Turbo lag is the one major downside to turbos. As the turbine wheel works on the speed and quantity of exhaust gases exiting the engine it will only make positive boost pressure once it is up to speed. It is the dead time when the engine is still trying to produce enough gases to spin the turbine wheel fast enough that creates what is known as boost threshold, or lag, as you wait for it to respond. The same thing will happen during gear changes as the throttle is momentarily closed shut. It isn’t for long but it’s enough to have an impact and make the turbo fall off its optimum rpm level, meaning engine revs have to build up again before the turbo will produce boost pressure.

How is the turbo regulated?

Eventually, the engine will reach a point when it can’t, or won’t, consume anymore of the boost produced by the turbo, so it has to be regulated. It is the job of the wastegate to do this by creating another exit for the exhaust gases to escape before they reach the turbine wheel. This separate escape path is a small trap door that opens at a set pressure to stop the turbo over-spinning and producing too much boost.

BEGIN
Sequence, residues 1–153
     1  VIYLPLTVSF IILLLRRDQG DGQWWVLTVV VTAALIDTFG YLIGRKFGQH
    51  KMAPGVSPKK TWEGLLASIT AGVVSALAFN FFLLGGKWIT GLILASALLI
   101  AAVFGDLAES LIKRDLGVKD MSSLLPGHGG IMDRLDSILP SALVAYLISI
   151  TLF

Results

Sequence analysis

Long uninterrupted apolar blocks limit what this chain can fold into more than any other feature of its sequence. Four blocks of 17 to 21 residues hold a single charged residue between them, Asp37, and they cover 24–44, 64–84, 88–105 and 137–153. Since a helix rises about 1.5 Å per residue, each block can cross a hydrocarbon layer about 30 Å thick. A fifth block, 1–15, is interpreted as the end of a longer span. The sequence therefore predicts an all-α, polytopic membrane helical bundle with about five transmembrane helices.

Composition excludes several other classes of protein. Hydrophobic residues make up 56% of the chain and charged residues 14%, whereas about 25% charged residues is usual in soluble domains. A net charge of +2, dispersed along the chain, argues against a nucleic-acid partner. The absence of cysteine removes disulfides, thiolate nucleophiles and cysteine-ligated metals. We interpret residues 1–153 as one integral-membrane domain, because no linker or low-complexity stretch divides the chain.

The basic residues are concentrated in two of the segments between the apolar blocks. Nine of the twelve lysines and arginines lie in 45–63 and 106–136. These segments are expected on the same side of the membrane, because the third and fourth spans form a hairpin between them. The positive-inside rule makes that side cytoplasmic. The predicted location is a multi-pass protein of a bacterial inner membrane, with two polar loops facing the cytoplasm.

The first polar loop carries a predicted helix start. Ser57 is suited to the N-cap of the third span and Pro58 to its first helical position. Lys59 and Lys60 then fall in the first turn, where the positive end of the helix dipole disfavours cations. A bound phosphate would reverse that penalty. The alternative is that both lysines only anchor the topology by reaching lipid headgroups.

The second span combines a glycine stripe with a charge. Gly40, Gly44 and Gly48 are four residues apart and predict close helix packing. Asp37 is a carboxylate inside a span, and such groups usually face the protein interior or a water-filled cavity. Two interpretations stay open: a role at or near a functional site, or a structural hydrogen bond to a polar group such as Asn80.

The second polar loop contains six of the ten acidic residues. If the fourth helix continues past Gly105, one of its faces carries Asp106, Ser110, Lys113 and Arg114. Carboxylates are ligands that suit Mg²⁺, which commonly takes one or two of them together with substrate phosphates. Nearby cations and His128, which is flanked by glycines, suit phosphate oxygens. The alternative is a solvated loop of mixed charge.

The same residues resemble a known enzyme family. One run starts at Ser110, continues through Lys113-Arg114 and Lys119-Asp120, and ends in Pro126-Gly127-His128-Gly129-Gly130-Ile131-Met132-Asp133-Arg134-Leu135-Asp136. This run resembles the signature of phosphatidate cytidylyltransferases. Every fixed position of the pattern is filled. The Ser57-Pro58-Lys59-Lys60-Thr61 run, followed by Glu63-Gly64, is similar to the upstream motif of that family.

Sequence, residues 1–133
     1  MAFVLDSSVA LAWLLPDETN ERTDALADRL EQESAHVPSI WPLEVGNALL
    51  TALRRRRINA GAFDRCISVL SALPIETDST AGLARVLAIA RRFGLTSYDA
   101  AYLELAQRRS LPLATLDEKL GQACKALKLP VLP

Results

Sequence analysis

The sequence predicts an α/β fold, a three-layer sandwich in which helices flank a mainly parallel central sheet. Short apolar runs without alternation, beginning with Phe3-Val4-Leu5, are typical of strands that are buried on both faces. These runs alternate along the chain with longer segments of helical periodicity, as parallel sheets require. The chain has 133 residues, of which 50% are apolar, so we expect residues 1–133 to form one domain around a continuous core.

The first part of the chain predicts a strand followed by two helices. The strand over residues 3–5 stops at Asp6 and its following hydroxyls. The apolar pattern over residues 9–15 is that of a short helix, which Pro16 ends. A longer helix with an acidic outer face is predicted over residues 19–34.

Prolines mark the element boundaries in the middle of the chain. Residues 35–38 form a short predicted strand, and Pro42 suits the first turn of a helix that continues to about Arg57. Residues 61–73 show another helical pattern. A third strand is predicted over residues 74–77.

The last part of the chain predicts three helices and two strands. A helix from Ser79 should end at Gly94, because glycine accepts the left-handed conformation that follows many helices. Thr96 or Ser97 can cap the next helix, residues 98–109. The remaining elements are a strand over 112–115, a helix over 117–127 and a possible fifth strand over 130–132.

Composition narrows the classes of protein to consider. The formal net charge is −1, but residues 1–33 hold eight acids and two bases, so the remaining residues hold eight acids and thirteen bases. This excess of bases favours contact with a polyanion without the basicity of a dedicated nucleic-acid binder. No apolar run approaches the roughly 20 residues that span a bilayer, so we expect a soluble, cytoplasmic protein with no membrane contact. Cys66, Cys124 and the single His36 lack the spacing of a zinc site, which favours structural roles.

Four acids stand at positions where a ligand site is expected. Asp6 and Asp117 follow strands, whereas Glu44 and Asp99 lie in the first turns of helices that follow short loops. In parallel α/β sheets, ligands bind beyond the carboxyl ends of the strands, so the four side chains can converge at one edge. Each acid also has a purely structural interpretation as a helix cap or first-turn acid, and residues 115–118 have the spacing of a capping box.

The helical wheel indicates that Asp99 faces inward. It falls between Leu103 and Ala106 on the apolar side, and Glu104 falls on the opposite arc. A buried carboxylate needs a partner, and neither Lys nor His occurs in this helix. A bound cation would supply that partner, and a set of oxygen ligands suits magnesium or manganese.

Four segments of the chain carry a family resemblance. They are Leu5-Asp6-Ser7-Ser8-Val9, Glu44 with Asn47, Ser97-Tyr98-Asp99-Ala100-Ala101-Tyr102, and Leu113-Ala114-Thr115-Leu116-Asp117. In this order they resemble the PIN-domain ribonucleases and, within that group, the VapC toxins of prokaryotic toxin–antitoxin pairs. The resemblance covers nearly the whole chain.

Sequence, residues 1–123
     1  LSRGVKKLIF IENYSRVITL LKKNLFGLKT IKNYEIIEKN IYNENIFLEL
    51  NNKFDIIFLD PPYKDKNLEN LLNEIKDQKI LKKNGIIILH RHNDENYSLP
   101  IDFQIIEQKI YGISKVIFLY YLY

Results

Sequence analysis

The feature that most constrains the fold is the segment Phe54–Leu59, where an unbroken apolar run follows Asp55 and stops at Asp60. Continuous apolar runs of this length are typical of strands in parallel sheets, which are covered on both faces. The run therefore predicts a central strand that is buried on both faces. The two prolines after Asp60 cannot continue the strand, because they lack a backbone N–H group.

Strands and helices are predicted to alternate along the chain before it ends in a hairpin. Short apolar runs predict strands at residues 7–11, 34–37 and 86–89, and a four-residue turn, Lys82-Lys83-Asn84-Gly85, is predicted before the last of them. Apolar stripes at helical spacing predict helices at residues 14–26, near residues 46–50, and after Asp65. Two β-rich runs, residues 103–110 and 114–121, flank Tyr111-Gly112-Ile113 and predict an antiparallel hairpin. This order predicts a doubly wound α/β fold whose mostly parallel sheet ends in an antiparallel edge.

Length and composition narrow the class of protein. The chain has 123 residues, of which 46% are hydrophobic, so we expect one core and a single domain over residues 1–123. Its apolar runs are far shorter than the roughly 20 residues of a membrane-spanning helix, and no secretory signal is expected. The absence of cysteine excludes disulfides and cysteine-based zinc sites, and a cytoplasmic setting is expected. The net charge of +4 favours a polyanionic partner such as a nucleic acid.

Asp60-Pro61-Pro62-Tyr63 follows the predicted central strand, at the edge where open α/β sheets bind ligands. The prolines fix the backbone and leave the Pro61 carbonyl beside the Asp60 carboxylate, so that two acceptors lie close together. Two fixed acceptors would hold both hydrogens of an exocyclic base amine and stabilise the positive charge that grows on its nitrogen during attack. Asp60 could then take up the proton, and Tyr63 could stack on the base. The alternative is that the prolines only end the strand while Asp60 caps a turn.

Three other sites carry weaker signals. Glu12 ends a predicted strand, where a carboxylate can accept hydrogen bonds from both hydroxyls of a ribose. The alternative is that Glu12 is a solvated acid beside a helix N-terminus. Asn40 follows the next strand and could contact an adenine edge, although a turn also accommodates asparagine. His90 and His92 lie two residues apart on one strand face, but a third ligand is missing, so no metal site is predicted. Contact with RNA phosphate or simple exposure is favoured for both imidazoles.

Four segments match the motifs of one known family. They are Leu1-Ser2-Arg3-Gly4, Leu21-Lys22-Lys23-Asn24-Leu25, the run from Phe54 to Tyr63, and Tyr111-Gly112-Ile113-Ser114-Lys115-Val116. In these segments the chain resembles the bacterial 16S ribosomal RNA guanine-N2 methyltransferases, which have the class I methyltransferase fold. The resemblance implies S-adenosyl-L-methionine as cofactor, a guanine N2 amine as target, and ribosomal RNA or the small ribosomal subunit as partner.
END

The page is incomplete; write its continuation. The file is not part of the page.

It makes sense that bigger engines are capable of producing and consuming larger amounts of gas and air, and twin-turbocharging takes advantage of this, but there is more than one way of using two turbos. Firstly, there are basic setups that use two identical turbochargers to work in unison together, each doing an equal share of the work. The boost they produce is then mixed together and sent towards the inlet manifold. However, because bigger turbochargers are less responsive lowdown and smaller turbochargers run out of puff higher up the rev range, a sequential turbo setup is designed to improve both lag and response. It does this by using valves to specifically direct the engine’s exhaust gases. In the lower rev range they are diverted towards one small turbo that produces boost quickly to give the engine low-down power. As the revs rise an electronically controlled valve is then triggered at either a specified boost pressure or a certain rpm point. Then, the larger quantities of exhaust gas are seamlessly diverted towards a second, larger turbocharger that is able to take over from the smaller unit. The result is the best of both worlds as the two turbos work with each other to create a single wave of power.